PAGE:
Scientists thought they understood the steps leading to acute myeloid leukemia. But one of the basic tenets in that understanding turns out to be unsound, according to researchers at the OHSU Knight Cancer Institute.
Acute myeloid leukemia, or AML, is the most common blood cancer in adults – and one of the most difficult to treat. The new findings explain why promising treatment approaches may have fallen short. And the results could help guide efforts to develop more effective therapies for the cancer.
Myeloid stem cells in the bone marrow are supposed to mature, or differentiate, to become red blood cells, immune system white blood cells, or clot-forming platelets. These blood cells are short-lived and to maintain populations the bone marrow has to make millions of new blood cells per second.
In people with AML, this massive and tightly regulated output of mature blood cells collapses. Immature stem cells multiply rapidly and reach overwhelming numbers in the bone marrow, blood circulation and other organs.
Textbook explanations specify that various genetic alterations seen in AML conspire to block the differentiation of myeloid stem cells at an immature stage, along with increased proliferation of these cells.
But the Oregon Health & Science University researchers showed that differentiation of stem cells is not actually blocked in AML. Instead, they found that just a slight skewing of the fraction of cells that differentiate is enough to cause an overwhelming buildup of immature stem cells, called myeloid blasts. The findings suggest that therapies designed to slightly adjust the differentiation of stem cells could be a way forward.
“Multi-disciplinary approaches, along with technological advancement, will unravel new things, but if you go back to answer old questions you may find different answers,” said first author Anupriya Agarwal, Ph.D. “You may get surprised.” Agarwal is an associate professor in the OHSU School of Medicine. The paper presenting the research was published in Proceedings of the National Academy of Sciences.
The discovery started with a mathematical model that simulates the dynamics of blood cell production. For each type of cell, the model accounts for total cell number, single cell death rate, single cell division rate, and the probability that each daughter cell differentiates into a particular type of cell.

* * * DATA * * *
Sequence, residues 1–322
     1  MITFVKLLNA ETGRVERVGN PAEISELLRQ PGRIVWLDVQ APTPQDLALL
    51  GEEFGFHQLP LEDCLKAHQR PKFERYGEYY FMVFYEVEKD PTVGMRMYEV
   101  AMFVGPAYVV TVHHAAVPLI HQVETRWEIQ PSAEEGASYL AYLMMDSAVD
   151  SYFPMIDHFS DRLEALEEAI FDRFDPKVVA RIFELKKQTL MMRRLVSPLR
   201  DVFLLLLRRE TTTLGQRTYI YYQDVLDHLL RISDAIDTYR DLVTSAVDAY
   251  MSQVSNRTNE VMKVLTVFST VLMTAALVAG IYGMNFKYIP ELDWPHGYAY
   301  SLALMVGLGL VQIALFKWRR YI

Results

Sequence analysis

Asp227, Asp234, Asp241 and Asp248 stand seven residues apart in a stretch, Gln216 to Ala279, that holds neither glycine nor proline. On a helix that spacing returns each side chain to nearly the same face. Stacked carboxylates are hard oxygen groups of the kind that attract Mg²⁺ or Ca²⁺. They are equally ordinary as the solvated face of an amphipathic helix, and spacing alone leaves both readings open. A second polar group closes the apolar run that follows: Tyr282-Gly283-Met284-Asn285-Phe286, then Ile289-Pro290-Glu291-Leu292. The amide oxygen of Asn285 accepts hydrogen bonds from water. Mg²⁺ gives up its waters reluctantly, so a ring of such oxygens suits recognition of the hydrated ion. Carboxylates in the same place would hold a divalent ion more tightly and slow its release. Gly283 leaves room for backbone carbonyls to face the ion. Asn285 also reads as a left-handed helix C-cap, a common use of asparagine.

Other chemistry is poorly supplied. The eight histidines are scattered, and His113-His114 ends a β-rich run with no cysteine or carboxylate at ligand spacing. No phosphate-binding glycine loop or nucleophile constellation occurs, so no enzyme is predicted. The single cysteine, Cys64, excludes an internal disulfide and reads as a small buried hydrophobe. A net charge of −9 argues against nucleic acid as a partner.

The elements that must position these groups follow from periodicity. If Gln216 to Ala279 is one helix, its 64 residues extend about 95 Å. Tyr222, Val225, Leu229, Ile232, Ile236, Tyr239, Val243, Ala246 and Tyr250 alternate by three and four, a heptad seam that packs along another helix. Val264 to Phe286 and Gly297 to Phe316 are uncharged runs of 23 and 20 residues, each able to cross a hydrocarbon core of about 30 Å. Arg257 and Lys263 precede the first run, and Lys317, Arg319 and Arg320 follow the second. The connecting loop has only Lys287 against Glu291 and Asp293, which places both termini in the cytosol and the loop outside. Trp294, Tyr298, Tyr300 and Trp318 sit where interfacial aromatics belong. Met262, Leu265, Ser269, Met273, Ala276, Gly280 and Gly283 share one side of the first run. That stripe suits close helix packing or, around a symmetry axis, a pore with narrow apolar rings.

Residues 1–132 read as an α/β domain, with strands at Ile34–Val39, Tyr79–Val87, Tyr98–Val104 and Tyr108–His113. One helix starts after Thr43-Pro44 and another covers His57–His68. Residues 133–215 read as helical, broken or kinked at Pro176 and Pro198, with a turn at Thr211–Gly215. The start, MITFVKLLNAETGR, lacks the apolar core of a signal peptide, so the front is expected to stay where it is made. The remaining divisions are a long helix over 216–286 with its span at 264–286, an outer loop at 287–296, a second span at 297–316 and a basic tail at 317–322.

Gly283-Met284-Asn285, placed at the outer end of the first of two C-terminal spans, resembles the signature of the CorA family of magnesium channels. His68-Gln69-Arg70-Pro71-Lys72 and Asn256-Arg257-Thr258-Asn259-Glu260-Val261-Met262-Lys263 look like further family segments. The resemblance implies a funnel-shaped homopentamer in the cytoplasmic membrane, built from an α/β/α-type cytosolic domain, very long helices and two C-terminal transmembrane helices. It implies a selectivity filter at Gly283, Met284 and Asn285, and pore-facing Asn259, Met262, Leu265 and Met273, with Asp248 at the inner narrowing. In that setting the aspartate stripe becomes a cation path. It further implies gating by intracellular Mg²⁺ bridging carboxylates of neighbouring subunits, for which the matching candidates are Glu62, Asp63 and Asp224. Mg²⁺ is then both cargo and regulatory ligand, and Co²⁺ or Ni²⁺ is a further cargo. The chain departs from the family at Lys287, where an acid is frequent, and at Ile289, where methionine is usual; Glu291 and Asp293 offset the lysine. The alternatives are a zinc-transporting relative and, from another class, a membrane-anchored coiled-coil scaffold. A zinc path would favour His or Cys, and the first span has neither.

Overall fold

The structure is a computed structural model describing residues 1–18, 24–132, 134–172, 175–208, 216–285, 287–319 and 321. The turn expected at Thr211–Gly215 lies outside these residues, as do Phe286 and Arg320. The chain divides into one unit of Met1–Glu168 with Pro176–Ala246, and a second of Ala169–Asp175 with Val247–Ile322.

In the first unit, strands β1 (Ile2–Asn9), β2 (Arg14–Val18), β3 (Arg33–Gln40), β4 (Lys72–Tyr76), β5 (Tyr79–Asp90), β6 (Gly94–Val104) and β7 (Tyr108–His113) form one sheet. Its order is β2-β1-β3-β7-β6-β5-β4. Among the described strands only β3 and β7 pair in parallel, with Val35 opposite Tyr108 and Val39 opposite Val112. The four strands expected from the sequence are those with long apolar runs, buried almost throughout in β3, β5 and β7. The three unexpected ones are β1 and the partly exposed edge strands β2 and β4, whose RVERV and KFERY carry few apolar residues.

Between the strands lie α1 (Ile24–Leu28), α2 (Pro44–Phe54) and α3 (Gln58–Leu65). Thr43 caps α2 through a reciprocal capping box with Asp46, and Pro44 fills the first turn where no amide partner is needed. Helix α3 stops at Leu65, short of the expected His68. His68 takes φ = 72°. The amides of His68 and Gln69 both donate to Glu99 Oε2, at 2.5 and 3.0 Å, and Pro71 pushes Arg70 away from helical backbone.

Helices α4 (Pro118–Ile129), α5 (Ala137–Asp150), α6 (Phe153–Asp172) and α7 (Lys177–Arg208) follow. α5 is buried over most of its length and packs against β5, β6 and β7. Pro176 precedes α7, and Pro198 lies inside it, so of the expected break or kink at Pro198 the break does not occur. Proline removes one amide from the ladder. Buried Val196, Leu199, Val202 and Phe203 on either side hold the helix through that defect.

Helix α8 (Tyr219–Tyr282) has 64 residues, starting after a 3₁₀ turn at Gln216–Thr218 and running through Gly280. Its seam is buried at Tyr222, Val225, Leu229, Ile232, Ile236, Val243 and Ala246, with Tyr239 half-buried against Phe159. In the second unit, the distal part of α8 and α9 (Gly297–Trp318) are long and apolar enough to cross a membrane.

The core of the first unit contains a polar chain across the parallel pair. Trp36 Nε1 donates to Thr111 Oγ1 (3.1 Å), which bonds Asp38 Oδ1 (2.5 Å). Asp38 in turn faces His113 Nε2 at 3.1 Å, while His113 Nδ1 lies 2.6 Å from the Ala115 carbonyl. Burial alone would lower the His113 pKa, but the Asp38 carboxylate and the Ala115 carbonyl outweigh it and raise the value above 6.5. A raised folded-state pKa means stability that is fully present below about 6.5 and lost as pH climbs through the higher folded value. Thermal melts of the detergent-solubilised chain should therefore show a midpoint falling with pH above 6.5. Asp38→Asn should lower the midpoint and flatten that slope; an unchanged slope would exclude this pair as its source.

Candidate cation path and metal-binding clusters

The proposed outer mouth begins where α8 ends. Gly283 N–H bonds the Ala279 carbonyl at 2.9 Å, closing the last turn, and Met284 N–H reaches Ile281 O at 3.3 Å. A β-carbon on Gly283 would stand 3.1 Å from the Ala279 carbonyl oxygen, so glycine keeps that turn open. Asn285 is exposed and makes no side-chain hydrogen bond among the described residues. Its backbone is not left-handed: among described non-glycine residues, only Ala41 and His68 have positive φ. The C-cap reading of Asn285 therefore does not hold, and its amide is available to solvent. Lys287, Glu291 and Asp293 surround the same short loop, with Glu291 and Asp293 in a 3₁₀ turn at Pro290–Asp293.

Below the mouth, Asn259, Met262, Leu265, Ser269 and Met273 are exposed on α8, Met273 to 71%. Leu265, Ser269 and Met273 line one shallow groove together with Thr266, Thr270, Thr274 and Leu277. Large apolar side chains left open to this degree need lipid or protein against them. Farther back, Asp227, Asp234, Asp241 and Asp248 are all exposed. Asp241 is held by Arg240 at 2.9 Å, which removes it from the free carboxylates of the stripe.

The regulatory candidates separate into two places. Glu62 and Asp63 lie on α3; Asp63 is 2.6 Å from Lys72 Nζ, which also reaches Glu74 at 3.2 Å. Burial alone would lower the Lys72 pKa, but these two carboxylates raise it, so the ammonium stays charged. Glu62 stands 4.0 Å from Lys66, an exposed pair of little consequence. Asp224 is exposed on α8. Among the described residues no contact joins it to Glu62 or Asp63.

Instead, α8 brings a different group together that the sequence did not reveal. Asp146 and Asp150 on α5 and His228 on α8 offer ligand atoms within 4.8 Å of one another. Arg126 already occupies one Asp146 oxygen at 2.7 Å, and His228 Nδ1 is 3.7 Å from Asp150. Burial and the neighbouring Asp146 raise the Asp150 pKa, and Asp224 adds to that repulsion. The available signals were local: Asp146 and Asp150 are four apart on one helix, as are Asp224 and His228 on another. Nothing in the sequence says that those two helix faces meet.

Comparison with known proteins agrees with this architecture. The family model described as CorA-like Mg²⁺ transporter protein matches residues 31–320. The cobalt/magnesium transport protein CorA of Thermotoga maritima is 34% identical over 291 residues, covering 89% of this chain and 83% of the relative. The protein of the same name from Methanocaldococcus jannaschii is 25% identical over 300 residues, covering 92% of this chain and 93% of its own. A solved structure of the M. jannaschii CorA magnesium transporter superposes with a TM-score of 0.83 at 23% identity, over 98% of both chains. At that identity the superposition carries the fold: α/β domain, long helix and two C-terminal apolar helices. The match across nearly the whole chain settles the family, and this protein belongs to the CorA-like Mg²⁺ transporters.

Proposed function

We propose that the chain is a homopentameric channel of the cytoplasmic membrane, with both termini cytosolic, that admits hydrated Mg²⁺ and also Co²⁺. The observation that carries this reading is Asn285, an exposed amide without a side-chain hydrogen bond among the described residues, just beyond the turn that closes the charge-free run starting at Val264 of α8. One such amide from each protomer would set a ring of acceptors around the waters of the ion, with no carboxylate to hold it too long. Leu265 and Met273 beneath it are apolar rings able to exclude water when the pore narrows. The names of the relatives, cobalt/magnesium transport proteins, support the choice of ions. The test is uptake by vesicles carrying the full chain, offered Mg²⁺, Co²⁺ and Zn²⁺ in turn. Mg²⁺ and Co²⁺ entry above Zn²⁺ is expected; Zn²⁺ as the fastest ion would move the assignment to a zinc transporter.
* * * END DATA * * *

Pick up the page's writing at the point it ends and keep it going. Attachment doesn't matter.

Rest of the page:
Bill Bolosky, Ph.D., a computer scientist at Microsoft Research Lab in Redmond, Washington, worked up the original model with mathematician David Wilson, Ph.D., at the University of Washington. Agarwal said she and senior author Brian Druker, M.D., happened to see a presentation by Bolosky and wondered if his model could be used to answer questions about the putative blocking of differentiation in AML.
Using the model, the researchers derived a typical value for the rate of differentiation of stem cells into mature blood cells. They found that very slight reductions in the differentiation rate were all that were needed for the number of immature cells to grow without bound, “suggesting normal blood cell production must be on a knife’s edge of being leukemic to work as it does,” in the words of the paper.
“It is not a complete block to differentiation, but a small change in the balance between differentiation and self-renewal,” said Druker, director of the Knight Cancer Institute and JELD-WEN Chair of Leukemia Research in the OHSU School of Medicine.
Blood samples given by 12 patients with AML allowed the researchers to test and validate the model results. They sorted the mature from the immature myeloid cells in the patient blood samples. Leukemia-causing gene alterations thought to block differentiation were present at similar levels in both mature and immature myeloid cells – strong evidence to overturn the paradigm that these AML gene alterations fully block differentiation.
“This is an example of how collaborations work and how bringing people working in different disciplines allow advances to be made,” Druker said. “It also shows the importance of being flexible in considering possibilities, and being willing to test radical new ideas.”
The work helps explain why drugs designed to drive differentiation of blood cells are not very effective against AML. Developing new therapies with stronger activity will require deeper understanding of specific mechanisms underlying reduced or skewed differentiation in genetic subtypes of the disease. The authors said the model could aid in understanding the effects of drugs designed to act on blood cell differentiation.
This study was supported by Howard Hughes Medical Institute Investigator funding and Beat AML funding from the Leukemia & Lymphoma Society to Brian Druker; and by NIH, V Foundation Scholar Award, American Cancer Society Research Scholar Grant and Knight Pilot Project Award funding to Anupriya Agarwal.
Brian Druker reports the following potential competing interests: scientific advisory board member with Aileron Therapeutics, ALLCRON, Cepheid, Vivid Biosciences, Celgene, RUNX1 Research Program, EnLiven Therapeutics, Gilead Sciences (inactive), Baxalta (inactive), and Monojul (inactive); SAB and stock holdings with Aptose Biosciences, Blueprint Medicines, Beta Cat, Third Coast Therapeutics, GRAIL (inactive), and CTI BioPharma (inactive); scientific founder of MolecularMD (inactive, acquired by ICON); board of directors member and holdings with Amgen; board of directors member with Burroughs Wellcome Fund, CureOne; joint steering committee member with Beat AML LLS; founder of VP Therapeutics; clinical trial funding from Novartis, Bristol-Myers Squibb, Pfizer; royalties from Patent 6958335 (Novartis exclusive license) and Oregon Health & Science University and Dana-Farber Cancer Institute (one Merck exclusive license).